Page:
Literally, this means “A Pool of Rosé” (or Champagne). And isn’t that a lovely image? Just so refreshing. It cools you off just thinking about it.

Curiously, I didn’t see quite as many people drinking a “piscine de blanc” (white wine), and I saw no one drinking a “piscine of rouge” (red). But just because I didn’t see it doesn’t mean it’s not done.

So….on the next hot day, go for it. Take the piscine plunge and slip a few ice cubes into that glass of wine. Or sparkling wine. Honestly–it’s a wonderful thing.

Question: Wait a minute. It’s not like we need permission from the French to plunk ice cubes in our wine, right?

Right. But, well, in a way, it did make me feel better about doing so. You see, I’m of a generation that can remember my elders drinking “Riunite on Ice,” (because, you know, “it’s nice”). And by the time I came of age, it was the last thing I wanted to do. Ice in wine just wasn’t cool. And some people still think it’s not.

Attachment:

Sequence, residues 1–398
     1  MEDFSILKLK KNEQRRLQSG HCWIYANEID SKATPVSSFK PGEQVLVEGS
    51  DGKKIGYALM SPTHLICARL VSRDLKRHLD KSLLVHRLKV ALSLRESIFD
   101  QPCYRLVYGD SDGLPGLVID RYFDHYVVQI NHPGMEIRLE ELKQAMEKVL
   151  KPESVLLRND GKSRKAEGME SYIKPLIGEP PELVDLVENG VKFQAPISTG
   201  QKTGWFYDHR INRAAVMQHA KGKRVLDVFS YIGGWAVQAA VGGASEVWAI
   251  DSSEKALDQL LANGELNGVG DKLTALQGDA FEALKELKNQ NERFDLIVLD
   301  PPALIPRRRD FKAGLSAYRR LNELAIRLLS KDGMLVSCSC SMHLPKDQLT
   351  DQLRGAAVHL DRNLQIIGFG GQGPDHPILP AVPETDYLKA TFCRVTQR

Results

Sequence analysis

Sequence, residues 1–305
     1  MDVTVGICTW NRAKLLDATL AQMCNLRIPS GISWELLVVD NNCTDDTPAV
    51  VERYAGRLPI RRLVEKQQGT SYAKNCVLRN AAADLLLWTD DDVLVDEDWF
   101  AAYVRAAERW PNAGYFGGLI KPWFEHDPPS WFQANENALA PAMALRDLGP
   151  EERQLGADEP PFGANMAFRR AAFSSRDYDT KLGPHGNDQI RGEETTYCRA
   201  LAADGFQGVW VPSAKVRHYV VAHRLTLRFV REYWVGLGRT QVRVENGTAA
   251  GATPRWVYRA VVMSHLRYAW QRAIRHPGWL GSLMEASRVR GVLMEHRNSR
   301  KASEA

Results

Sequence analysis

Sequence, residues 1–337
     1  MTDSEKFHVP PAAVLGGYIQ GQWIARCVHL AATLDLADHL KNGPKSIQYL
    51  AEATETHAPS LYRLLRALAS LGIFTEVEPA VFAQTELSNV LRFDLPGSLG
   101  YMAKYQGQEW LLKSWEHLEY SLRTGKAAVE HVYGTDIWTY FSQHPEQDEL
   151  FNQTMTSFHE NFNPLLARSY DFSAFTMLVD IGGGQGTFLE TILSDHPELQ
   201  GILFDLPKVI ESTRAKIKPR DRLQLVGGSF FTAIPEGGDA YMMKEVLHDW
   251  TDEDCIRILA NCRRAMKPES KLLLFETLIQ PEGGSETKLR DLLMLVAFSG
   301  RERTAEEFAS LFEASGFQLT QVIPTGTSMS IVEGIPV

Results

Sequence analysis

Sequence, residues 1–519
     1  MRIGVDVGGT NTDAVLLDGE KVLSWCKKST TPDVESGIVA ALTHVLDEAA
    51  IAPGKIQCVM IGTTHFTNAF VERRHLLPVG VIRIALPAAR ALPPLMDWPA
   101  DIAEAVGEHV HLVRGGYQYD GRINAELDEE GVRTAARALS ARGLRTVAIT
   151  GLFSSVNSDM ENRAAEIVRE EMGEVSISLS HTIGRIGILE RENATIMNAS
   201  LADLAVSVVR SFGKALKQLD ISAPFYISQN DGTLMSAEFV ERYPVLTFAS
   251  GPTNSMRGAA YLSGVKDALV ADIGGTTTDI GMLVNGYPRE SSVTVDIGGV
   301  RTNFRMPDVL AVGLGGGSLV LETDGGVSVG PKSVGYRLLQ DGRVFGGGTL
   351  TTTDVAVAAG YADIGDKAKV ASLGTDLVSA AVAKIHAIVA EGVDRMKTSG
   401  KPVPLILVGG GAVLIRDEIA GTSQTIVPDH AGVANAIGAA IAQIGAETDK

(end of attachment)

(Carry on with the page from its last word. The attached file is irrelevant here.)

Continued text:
This was underscored not long ago when I went to an event here in Amerique profonde. The only white wines served were some big, high-alcohol American whites. I asked the wine-server (a noted sommelier in town) if I could have a few ice cubes in my wine.

He all but broke out in hives and said, “I guess so.”

Not wanting to insult his wines (as in: Look, I can’t drink your big fat dizzying overblown whites; plus you’re got them too warm, so just give me some ice already…), I said something apologetic, like, “Yeah, I know–ice in wine. Not cool.”

The som-dude said, “Well, fine. As long as I don’t have to drink it,” and turned away.

This guy needs to go to France and have few Piscines de Rosé…poured over his head.